Support from Faith Comes By Hearing
As you know, Faith Comes By Hearing is a big fan. We promote HearThis and have used it for ½ a dozen projects now. It is a key tool in our suite of recording strategies.
Once a HearThis recording is finalized and approved, however you define that, FCBH is open to helping conduct a final mastering of the files with or without music and loading it into itunes as podcasts, bible.is and the Digital Bible Platform (DBP).
Language Recording Division Manager
Faith Comes By Hearing
Case Study: Multi-Voice Dramatization Using HearThis in Vanuatu
Greg Carlson, SIL Translation Advisor, Tanna Island, Vanuatu
My life would have been so much easier if HearThis had been around a few years ago!
My wife and I have worked on Tanna Island, Vanuatu, since 1991. Our first New Testament in the North Tanna language was published in print and audio in 2008. Recording for the North Tanna NT was done using a laptop computer and Audacity. It took me about 4 months to record and another 10 man-months to edit (myself, my wife, and my daughter all worked on editing). We then moved on to a related language on Tanna, Whitesands.
The Whitesands NT went to the printer in Mar 2014. We are currently working on recording the audio using HearThis. I am so glad!
We worked for about six weeks and recorded about 85% of the New Testament. (Luke was recorded several years earlier with multiple voices reading different characters. About 25% was re-recorded.) About 75% of everything has been revised, i.e., the recording is correct so that the original speaker will not be needed to do re-recordings. Once the remaining revisions are completed (less than one week’s work), all that remains is to have long pauses removed, volumes adjusted, etc. Three books were done with multiple readers who will take the various character parts (Luke, Acts, Revelation). We had 3-4 people recording at one time, and two people checking recorded material. During the first few weeks, we worked for approximately 20 days and recorded about 4000 verses; so that averages about 200 verses/day for first draft. I estimate there may be about four weeks of revision and editing left. So I project that the total time for publishable recording will be about 10 weeks for the NT. So two to three months for a basically edited text. That sure beats 14 months!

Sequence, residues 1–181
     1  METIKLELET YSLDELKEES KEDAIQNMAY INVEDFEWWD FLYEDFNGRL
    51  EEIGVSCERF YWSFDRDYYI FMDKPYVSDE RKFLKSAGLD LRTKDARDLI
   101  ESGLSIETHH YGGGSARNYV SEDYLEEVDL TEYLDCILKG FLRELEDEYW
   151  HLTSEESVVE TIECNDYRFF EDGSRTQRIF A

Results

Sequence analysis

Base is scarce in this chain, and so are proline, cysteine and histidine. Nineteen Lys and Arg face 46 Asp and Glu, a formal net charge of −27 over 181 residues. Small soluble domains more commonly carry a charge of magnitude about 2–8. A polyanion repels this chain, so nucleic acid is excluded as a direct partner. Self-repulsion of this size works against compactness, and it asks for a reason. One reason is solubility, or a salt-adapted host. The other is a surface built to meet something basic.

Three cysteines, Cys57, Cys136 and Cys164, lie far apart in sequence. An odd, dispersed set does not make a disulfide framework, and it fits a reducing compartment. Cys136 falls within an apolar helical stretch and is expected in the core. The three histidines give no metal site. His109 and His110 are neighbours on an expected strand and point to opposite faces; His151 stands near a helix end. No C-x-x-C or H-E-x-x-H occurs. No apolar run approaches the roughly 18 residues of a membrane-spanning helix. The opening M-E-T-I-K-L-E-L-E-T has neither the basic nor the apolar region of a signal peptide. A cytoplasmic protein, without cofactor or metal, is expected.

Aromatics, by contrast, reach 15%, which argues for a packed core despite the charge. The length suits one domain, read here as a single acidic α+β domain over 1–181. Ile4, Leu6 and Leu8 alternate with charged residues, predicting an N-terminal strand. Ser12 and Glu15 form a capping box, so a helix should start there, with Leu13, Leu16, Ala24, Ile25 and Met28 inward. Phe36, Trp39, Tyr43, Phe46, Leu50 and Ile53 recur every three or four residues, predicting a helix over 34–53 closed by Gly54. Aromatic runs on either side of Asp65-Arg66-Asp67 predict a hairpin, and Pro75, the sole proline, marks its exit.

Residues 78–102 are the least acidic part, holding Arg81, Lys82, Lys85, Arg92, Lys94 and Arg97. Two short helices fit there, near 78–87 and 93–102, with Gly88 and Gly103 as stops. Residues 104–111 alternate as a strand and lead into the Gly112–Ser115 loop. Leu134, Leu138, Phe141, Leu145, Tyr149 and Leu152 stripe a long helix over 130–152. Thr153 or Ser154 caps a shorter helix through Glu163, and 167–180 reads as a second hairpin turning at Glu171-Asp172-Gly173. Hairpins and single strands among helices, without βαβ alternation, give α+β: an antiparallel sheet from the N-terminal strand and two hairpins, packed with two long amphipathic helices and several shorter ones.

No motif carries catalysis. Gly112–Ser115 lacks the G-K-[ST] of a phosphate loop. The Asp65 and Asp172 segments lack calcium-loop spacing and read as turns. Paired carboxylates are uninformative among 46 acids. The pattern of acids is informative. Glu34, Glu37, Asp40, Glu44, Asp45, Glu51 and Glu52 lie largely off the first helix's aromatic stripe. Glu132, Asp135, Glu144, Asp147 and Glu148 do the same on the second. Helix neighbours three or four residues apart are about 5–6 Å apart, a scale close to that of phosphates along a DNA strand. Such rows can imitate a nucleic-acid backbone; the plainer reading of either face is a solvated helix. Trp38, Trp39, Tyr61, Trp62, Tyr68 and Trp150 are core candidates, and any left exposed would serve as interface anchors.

I have trained about a dozen people to use HT. Training time for basic use was about 5-10 minutes per person. When further help was needed, like changing font size or navigating the books and chapters, we gave instruction as needed.
We had three or four people recording at the same time in different rooms. My wife and I were able to check recorded material on our own computers while our readers went ahead recording on their own on other computers. I answered questions and kept the machines going when there were issues which the readers couldn’t solve. But the program was so easy to use that after a few days, the readers solved most of the problems on their own.
Reading level of readers
Two of our readers, the main translator and his brother, were already quite fluent in reading their own language. For the others, it was relatively new. As can be expected, the higher the education level of the reader, the more fluent the reader, regardless of exposure to his own language and orthography. However, even the less educated readers got fairly good fairly quickly. The Listen function was an excellent tool to give feedback and improve reading skills. After a day or two recording, almost everyone was doing quite well.
Ease of use
If you haven’t picked it up yet from the description so far, this program is EASY to use. After a few minutes of basic training, readers are off and running.